What changes have you seen since you have been involved with COS? Or what are you excited about in the future?
I’m excited about a lot of thing. There is a big push this year on improved user experience. We are developing a lot of features. Our tools are maturing. Our training offerings have expanded and we provide on-campus trainings. For the basics, a one hour training webinar can get you started.
Do you find that you need to educate people a lot on research best practices and reproducibility issues?
Everyone says that they learn something from our trainings. Even if they are aware of the issues involved, they gain practical tools for improving their research methods.
How does the research process look different when you are a part of COS versus not?
Using OSF will increase reproducibility by shifting the focus of research from the end of the research to the beginning. With “openness” as the focus at the end of the research project, people can view “openness” as frustrating work that needs to be done prior to publishing. “Pre-registration” (publicly saving a time-stamped version of your project prior to any data collection) is something we push because it improves reproducibility and discoverability. People can benefit from the peer review process from the very beginning.
You will be doing this data management work at some point in the future. Instead of spending hours last minute searching through email chains, you already have “version control” set up. It saves researchers work later on in the project and reduces error by setting it up earlier. It improves efficiency and accuracy. Every researcher should do this in some form or another, even if you they do not use OSF.
How will open science change the scientific community and the world?
We are likely to see is an increase in velocity and scale of information that is coming out of research. The internet will cause this to happen eventually, even without help from COS. Open science is key to adjust community infrastructure and build structures to improve the recognition and quality of research. We (humankind) already “took the enlightenment and made peer review.” And because of that, not everyone needs to evaluate every piece of research on their own. We have a standardized process. We need more of this “peer review” throughout the entire research process. COS is necessary to adjust expectations and norms for quality research. Open science will help science to adapt well to new changes over time.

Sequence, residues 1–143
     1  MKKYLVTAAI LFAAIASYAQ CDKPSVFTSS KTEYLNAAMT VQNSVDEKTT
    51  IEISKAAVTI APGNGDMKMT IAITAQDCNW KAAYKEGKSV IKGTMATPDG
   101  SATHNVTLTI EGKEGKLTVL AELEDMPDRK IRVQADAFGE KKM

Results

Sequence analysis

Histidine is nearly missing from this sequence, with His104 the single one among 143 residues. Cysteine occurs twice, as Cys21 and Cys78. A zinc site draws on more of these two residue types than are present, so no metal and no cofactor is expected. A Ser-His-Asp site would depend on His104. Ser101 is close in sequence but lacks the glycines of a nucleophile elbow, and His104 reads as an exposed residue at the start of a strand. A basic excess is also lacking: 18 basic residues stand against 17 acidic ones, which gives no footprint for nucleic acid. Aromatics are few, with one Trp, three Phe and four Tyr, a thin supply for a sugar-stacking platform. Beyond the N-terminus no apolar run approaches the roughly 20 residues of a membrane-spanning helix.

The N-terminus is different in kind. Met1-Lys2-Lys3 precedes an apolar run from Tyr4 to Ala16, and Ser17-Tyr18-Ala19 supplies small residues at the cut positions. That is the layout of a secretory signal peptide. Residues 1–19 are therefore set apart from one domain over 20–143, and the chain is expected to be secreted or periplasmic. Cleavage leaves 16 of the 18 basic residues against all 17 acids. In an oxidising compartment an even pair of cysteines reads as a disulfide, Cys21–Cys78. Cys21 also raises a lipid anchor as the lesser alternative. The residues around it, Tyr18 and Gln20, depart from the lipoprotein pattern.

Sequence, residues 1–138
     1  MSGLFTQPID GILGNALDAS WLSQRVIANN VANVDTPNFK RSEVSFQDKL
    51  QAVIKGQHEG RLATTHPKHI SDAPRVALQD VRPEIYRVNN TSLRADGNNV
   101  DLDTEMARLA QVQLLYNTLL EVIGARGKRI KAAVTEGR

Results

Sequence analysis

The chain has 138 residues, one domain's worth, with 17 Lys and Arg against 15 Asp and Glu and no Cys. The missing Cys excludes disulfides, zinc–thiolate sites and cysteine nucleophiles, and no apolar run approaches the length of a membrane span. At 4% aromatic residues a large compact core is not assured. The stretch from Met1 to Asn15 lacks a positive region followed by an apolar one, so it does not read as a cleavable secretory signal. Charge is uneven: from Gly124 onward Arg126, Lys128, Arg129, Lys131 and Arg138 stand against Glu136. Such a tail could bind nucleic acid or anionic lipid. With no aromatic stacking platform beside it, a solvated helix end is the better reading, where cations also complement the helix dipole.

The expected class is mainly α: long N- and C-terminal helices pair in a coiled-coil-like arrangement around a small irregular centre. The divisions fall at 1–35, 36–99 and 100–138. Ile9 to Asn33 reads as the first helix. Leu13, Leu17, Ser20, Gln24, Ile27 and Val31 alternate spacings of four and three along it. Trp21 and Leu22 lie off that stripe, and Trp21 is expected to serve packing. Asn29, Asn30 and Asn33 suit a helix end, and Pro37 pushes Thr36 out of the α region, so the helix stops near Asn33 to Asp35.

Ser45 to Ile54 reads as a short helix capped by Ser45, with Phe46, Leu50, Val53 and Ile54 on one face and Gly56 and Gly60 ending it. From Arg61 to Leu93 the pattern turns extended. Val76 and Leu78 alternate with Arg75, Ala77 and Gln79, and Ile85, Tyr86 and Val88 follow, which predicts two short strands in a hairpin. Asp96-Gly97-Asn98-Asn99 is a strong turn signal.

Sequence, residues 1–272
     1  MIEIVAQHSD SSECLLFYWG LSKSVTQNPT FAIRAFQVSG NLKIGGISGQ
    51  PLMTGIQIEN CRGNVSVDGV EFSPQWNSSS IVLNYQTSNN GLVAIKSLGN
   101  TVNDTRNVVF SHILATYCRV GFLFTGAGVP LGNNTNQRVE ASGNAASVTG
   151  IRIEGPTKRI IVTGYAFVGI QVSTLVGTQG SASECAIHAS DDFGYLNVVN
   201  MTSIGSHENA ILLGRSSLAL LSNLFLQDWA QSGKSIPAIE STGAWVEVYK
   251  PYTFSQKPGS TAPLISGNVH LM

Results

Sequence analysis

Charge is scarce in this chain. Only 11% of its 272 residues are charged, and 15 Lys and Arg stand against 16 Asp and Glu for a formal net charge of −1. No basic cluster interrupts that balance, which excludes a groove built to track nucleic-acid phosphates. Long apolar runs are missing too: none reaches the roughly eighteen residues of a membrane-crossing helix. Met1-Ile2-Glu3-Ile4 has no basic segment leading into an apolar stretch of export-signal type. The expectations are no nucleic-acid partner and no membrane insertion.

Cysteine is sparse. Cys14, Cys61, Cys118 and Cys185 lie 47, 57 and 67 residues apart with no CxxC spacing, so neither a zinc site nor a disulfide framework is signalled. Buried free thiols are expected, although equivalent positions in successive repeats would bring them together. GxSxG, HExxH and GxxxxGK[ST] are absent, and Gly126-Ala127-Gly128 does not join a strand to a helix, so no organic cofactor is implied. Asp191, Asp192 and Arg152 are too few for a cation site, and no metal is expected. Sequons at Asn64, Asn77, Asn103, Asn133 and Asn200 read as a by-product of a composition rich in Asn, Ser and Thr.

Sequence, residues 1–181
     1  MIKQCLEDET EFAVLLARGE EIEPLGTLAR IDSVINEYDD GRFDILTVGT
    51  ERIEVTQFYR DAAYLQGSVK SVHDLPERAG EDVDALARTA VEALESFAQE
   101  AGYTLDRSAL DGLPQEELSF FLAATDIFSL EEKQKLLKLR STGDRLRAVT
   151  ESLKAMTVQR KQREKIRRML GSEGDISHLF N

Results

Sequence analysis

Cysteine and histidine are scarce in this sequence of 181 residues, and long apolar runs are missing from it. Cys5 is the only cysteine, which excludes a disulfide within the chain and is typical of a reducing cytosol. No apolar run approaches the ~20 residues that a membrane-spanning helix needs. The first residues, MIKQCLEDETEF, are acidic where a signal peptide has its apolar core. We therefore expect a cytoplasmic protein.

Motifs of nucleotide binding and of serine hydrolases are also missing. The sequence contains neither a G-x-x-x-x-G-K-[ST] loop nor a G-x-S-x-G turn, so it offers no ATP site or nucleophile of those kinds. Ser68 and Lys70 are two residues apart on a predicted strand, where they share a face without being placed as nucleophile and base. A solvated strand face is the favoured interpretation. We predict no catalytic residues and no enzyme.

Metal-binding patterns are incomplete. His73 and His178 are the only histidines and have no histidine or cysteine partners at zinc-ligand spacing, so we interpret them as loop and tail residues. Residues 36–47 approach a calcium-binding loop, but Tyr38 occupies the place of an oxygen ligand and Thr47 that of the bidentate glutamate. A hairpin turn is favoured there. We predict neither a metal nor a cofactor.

Anything else you would like people to know about COS?
We are a tax exempt nonprofit. We appreciate support: financial, use of the tools, talking with your research librarians. Librarians are the key to the expanding research universe. I have never been more convinced of the value of research librarians since I started with COS. Turns out when you have a large explosion of material, it is incredibly useful to have a whole group of people experienced in collecting, curating and storing information. There will be an increasing amount for librarians to do in the exploding information age.
I love that COS bases its work around making the right way to do science easier and more rewarding than doing it the wrong way. They believe rewarding people will bring about the most change.
To sign up for Open Science Framework yourself (free): https://osf.io/
To learn more about the Center for Open Science: https://cos.io/